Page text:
His writing is fucking incredible. Did you read his book? Can I take the opportunity to plug his book? It’s a novella called The Life of Ling Ling, available for digital download. I read it in a Walmart storefront Subway restaurant one afternoon, and the narrative took me away from all the other Walmart shoppers and placed my imagination in a war zone. It was great.

“Excited and intimidated” is a good way for me to behave around Jerad, though. So this is going to be a great night.

Laura, this conversation is going more smoothly than any other conversation we’ve ever had before at the Vouched Retail-Display Table of Wonder. Is that the name of the table? Does the table have a name? Perhaps we can call it Benny.

Wowee! That was a plug. I think you just life-blurbed Jerad Alexander. Congratulations, Jerad! And you’re right, this conversation is much more smooth than any we’ve ever conducted over my unnamed Vouched table. If we name it Benny, is it technically your namesake? What are some alternative names? I’ve already got a dear lamp named Doey Zeschanel. Not to mention the ghost of a beloved, lovely assistant, Lauren Traetto.

I miss Traetto. I did a HydeATL show with her right before she left town, but she was just lovely. Perhaps we should name the Vouched booth “The Traeble” to honor her.

God, I’m nervous about this reading.

Don’t be nervous! Just imagine everyone in the audience naked, right? Yeah? Is that still a thing? And yes, let’s call it the Traeble!

I think Lauren would be honored. And, if not, we just don’t have to tell her and could call it the Traeble behind her back. By moving from Atlanta, she lost her say in the matter.

I’m not going to imagine the audience naked. We know some really cute people. That just seems problematic. I’ve never understood that advice. I mean, yeah, everyone naked is without their defenses, vulnerable and less threatening. But, I mean, boobs, six-pack abs and stuff. I’d be afraid to step away from the podium. Fear of my own tumnescence.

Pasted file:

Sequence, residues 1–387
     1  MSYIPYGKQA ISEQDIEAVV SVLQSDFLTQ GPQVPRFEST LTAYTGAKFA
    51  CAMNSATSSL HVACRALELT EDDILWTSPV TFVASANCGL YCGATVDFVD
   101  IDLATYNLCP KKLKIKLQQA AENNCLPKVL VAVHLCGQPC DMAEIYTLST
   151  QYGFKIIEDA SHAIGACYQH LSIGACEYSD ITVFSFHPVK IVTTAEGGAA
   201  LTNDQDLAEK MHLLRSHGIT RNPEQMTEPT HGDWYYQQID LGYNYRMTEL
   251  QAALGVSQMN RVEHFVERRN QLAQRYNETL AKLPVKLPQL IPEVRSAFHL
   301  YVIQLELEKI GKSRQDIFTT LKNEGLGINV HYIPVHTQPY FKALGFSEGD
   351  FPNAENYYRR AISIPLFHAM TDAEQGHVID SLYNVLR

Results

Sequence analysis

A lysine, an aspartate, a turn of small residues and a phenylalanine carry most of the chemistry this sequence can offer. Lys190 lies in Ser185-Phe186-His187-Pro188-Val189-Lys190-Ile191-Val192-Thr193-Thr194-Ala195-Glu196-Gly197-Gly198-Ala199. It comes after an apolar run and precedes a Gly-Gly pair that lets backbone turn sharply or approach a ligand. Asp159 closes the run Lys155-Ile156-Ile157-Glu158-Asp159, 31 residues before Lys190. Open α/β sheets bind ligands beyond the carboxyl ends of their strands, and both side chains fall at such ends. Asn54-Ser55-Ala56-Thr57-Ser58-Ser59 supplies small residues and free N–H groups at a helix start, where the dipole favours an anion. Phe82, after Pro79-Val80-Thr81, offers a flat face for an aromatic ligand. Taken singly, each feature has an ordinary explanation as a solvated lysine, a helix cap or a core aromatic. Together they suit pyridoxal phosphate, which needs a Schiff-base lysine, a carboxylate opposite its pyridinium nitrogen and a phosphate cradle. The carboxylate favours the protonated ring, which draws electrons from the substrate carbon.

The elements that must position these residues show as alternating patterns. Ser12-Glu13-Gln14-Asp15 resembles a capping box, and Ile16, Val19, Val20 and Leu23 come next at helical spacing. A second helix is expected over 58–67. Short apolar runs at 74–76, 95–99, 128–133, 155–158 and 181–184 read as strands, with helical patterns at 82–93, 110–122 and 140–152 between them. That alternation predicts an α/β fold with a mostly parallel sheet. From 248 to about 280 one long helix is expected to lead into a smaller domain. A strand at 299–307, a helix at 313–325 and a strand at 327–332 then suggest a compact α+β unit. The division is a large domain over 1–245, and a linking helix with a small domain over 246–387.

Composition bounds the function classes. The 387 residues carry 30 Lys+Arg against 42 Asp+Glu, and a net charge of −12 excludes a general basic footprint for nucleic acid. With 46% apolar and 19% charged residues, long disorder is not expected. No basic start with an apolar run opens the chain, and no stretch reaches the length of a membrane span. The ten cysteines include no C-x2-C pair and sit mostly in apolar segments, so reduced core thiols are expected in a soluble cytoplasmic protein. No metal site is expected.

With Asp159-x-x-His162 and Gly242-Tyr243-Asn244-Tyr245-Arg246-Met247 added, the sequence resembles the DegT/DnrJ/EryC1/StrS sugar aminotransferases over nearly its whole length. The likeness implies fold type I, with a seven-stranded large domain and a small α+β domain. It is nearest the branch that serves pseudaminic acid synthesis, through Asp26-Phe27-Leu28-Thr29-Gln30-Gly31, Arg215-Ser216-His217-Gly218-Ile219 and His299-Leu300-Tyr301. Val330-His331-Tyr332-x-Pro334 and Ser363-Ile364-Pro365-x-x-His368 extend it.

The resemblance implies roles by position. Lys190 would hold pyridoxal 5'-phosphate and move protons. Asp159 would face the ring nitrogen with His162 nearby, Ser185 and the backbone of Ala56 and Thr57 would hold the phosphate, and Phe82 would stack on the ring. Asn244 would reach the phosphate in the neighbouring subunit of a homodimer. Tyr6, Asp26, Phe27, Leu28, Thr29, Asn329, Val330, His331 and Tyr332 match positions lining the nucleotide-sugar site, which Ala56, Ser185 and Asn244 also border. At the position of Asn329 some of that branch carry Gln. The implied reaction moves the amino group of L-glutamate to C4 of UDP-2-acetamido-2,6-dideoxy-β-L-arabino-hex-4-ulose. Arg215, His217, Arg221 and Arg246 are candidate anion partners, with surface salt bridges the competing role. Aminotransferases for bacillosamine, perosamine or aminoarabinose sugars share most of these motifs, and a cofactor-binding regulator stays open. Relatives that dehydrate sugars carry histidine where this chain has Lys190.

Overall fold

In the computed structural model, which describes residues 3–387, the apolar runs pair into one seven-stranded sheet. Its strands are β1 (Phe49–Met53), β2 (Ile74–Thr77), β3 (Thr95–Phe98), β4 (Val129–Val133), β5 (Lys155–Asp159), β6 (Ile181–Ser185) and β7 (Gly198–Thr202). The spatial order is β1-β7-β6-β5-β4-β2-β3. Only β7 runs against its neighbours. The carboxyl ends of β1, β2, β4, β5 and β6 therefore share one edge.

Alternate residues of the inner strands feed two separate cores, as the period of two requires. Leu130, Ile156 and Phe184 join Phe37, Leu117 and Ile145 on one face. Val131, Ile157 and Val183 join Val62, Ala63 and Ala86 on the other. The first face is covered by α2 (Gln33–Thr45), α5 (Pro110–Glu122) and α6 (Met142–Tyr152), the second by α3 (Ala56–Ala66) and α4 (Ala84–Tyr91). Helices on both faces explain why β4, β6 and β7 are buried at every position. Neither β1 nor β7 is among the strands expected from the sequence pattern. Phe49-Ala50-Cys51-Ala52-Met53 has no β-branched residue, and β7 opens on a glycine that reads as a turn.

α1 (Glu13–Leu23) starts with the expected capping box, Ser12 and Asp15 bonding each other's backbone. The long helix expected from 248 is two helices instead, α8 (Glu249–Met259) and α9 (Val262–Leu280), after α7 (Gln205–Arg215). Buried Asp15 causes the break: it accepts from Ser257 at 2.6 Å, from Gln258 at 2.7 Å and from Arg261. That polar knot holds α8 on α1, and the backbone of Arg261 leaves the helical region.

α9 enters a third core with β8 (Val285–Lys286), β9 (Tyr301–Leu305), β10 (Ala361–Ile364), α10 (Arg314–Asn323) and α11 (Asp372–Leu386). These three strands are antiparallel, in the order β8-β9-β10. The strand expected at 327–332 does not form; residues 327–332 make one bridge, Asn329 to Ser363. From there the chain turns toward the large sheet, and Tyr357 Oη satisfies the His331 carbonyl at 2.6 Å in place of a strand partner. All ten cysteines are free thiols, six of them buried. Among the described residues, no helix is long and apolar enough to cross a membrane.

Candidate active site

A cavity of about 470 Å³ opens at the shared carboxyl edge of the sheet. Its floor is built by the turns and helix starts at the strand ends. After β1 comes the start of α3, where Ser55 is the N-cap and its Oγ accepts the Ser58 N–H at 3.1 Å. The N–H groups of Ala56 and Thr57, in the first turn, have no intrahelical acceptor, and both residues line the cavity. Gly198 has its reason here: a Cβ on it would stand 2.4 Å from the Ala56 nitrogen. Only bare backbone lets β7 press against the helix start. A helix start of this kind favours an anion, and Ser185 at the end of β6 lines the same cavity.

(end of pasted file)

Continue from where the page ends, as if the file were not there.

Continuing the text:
Aren’t you reading at this event too, or is it another Laura?

It’s another Laura. You’ll like her a lot, I think.  Do you like most Laura’s for the most part? I can never tell how to feel about women named Simone at first.

OK, again we’re on what names mean to me. The first Laura I ever knew was Half-Pint on “Little House on the Prairie,” and I had a crush on her. So, as a result, every Laura has benefitted from that, considered to be good, fun, decent and a pioneer capable of running down a hill covered in flowers while in a gingham dress. I assume you could rock some pigtails.

My first Simone was the waitress who took a bus to France in Pee Wee’s Big Adventure, so, consequently,  I always assume they have mean boyfriends and like to watch the sunrise from inside a giant, hollow brontosaurus.

Culture’s been so unfair to certain names. (I still hate that dog.)

 So, nervousness aside – what are you  most excited about for the reading? Also, how should I introduce you? Ben? Benjie? Benny-Boy?

The thing that most excites me is that I’ll finally have gotten to officially do an event with you, which has been long planned. I’m trying to get some sort of Atlanta Lit Scene triple crown by doing all the major events or, at least, contributing work to all the major players. (Is it weird that I think we have major players?)

Introduce me as Benjamin Carr. If people think that I’m all serious and professional, what I bring to the stage might surprise them more. This should be fun.